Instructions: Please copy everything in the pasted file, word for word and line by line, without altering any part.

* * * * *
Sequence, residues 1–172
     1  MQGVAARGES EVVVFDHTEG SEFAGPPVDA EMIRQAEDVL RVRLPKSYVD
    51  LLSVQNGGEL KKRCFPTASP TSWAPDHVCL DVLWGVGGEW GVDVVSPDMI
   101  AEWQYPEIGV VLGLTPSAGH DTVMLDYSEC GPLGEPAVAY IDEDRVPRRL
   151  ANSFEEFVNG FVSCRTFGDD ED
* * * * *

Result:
Sequence, residues 1–172
     1  MQGVAARGES EVVVFDHTEG SEFAGPPVDA EMIRQAEDVL RVRLPKSYVD
    51  LLSVQNGGEL KKRCFPTASP TSWAPDHVCL DVLWGVGGEW GVDVVSPDMI
   101  AEWQYPEIGV VLGLTPSAGH DTVMLDYSEC GPLGEPAVAY IDEDRVPRRL
   151  ANSFEEFVNG FVSCRTFGDD ED